Antwerp: As COVID-19 flew across the globe and WHO declared it a pandemic, the world was already gripped with the reality that stared it in the face: the impact on the health and lives of large numbers of people in the short term, and a looming global recession and disruption of businesses over the medium term.
The President of the World Federation of Diamond Bourses (WFDB), Ernie Blom, on behalf of the entire Executive Committee, extends his sincere sympathy to all victims of the coronavirus and condolences to the families who have died as a result of being infected.
“In such times, I exhort all my colleagues across the globe to take adequate precautions as outlined by WHO, and their respective government authorities,” Blom said. “At the same time let us not give in to panic but continue in our daily lives keeping our human values and commitment to overall social interest at the forefront.”
During testing times in earlier decades, the diamond industry has also reached out to provide support to local communities, Blom said. “This time too, our bourses and members are taking similar steps across the globe.”
Blom noted that several bourses had come forward to either suspend trading or take measures to ensure the health and safety of the diamond trading community.
He added, “There is no doubt that the business situation across the globe is also critical as each one of you must have experienced.”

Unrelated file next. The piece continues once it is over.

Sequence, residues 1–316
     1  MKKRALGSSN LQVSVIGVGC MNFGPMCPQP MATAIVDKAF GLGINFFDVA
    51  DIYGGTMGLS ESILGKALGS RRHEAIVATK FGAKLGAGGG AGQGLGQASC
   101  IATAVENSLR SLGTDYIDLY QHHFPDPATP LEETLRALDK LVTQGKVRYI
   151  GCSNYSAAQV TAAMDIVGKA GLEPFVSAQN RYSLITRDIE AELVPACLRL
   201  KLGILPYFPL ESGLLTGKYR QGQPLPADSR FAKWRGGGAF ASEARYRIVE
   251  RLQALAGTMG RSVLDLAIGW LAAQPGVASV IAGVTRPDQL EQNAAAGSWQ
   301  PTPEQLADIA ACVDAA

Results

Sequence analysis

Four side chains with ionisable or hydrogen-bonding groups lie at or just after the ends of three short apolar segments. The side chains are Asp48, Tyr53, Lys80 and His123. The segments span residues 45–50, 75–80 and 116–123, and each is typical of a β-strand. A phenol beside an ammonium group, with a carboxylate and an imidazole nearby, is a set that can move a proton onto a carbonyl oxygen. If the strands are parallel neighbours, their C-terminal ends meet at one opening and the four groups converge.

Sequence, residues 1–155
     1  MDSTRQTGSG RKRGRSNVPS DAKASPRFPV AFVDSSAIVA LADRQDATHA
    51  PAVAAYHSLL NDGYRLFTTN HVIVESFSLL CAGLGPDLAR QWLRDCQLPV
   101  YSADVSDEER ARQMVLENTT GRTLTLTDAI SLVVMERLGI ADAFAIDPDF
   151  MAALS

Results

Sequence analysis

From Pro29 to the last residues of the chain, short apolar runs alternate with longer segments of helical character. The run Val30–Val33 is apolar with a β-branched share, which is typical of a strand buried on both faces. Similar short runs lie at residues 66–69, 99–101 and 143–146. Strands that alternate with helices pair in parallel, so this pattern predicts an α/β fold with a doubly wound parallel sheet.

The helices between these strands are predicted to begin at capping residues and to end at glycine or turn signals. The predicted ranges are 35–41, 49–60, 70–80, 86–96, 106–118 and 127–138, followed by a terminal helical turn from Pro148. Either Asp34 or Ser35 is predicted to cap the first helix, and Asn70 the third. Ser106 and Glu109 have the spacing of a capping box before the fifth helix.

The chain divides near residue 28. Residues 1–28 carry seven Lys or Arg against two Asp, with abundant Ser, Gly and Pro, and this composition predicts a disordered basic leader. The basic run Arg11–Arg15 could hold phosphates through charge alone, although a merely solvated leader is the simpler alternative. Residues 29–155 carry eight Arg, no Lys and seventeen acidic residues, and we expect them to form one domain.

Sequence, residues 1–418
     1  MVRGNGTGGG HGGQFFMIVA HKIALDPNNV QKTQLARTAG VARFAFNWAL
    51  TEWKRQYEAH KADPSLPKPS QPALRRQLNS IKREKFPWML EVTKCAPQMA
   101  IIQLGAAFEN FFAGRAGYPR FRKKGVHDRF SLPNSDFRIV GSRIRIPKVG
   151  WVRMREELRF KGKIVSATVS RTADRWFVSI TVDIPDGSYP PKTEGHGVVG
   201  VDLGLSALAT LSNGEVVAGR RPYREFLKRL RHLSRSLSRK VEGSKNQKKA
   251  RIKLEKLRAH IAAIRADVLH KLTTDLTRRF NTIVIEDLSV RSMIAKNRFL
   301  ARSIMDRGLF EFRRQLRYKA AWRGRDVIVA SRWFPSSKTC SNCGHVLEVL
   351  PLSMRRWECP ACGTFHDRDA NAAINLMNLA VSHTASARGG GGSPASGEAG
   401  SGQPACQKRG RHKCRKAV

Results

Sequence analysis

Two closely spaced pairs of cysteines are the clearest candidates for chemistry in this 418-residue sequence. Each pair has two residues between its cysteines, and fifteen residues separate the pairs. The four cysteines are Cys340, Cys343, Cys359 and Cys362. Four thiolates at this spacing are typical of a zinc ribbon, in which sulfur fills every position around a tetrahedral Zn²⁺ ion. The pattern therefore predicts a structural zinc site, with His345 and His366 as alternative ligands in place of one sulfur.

In the diamond industry, De Beers and ALROSA have put forth figures that reflect the impact of COVID-19 on their sales. Other miners are also coming forward to say they anticipate depressed results for the period during which the disease has a grip over the world.
The same can be said for the retail diamond industry. Already China, which is the second most important market, was impacted during the Chinese New Year, which, traditionally, is a high jewellery buying season in that country. The US, which is the largest retail market for diamond jewellery is itself badly impacted and sales numbers from there will no doubt also show a downswing.
Manufacturing centres too have instituted their own precautions by curtailing rough buying and slowing down trading and manufacturing.
“In this scenario, all of us must try our utmost to be innovative so that some semblance of business continues to take place,” said Blom. “We are fortunate that both ecommerce and digital platforms have developed to quite an extent; they can be the vehicles for business in these times of social distancing. I also applaud initiatives like the virtual trade show announced by AWDC-IDI, which is a positive innovation.”
Expressing his hope that the COVID-19 would soon be vanquished, Blom said: “I wish you all a safe passage through these troubling times. Hold on to the hope that this too shall pass.”
Blom also pointed out that the trade has successfully emerged from challenging situations at various times in the past. “We are a resilient industry. Once this distressing period is over, I am confident that we will all get back to revitalising our businesses and putting them on an even stronger footing.”
“In the meanwhile, stay safe all of you,” Blom said in conclusion. “Be prepared. Be innovative. Be hopeful.”